Paul Melcher's selection
Family photographs can be your best friends. Or, if not your best, your oldest. They stick with you through hard and good times, remain poised about your lifestyle and constitute part of your memory even when you don't remember. They stand small and proud, on some curving photographic paper, declaring for all to see what used to be that will never happen again. They are mostly quiet and yet seem to be most talkative to those that are in the picture, like a Dorian Gray mirror, refusing to age with time. We keep them in frames or in books, we share them, or not, with those who we timidly invite into our lives, like a key to an unforgiving past. They are part of the puzzle that is who we are and can make us smile, cry, regret and longer all at the same time. They are always part of our present, traveling with us through time, while remaining deeply anchored in our past. What they are not, however, is a dialogue.
The site , dear photograph, is a remedy. It is an occasion to talk back to our pictures, to our past, by taking an image of our childhood and inserting it to the present. It is everyone's chance to reconnect to an image that has hunted us for so long and include it into a new photograph. It is a shrine to those moments that have lead to the present and a chance to close that loop. If it wasn't for that instant, in the past, I would be here, in the present.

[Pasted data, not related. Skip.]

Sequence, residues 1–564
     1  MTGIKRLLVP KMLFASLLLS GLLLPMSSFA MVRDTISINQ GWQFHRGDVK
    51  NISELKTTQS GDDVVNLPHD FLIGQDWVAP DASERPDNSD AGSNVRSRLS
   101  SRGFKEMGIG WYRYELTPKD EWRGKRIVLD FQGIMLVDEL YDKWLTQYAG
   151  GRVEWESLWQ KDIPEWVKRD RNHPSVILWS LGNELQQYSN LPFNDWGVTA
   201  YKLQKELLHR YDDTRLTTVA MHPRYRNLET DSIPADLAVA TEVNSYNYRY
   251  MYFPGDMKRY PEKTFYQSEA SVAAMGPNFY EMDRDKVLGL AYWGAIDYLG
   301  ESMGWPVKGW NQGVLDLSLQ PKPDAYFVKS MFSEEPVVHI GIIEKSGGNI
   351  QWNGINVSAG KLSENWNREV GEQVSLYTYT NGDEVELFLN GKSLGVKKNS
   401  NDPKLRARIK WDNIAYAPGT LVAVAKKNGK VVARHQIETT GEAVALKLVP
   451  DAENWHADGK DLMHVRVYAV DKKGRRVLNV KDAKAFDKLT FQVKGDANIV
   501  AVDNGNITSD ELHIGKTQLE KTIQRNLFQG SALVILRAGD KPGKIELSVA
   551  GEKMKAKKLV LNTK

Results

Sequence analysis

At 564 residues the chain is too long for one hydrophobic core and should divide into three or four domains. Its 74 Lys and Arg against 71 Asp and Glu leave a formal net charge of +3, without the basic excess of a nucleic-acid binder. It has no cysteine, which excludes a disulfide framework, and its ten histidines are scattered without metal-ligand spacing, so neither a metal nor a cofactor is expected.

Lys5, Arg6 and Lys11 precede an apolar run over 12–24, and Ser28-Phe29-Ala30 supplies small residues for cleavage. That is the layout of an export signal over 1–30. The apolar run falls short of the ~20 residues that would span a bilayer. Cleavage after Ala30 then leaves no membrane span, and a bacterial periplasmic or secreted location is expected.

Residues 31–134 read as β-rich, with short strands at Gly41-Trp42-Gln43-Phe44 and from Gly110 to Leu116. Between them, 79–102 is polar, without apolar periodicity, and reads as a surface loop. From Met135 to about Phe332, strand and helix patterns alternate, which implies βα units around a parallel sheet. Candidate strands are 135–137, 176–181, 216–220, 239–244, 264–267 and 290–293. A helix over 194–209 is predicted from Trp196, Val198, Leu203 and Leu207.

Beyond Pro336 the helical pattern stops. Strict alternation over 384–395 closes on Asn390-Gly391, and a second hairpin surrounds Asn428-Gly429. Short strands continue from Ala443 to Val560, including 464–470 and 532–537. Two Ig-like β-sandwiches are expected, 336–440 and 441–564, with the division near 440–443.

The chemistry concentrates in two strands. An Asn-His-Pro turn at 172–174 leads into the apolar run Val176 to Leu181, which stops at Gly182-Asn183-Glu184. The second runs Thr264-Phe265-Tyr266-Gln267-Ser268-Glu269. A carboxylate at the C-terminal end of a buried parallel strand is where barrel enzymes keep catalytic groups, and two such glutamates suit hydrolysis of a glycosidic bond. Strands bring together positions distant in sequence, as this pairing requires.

The principle is simple. Take a photograph taken years ago and reinsert it into the present, framing it in such a way that all the lines fit. As if you were holding an open window into the past. Write a little caption, starting with dear photograph, as if you were writing a letter to that image, and post it on the site.
The result is a charming array of snapshots telling the lives of strangers as they reconnect with a moment of their past and make a connection with their present. It is a series of small love letters written to a friend telling them how much things have change since the last time we took a photograph together. It is hundreds of messages in a bottle from thousand of unfamiliar strangers who throw lifelines to each other via their reunited past and present. Finally, it is a tribute photography itself and how it impacts our lives even if it doesn't mean to do so.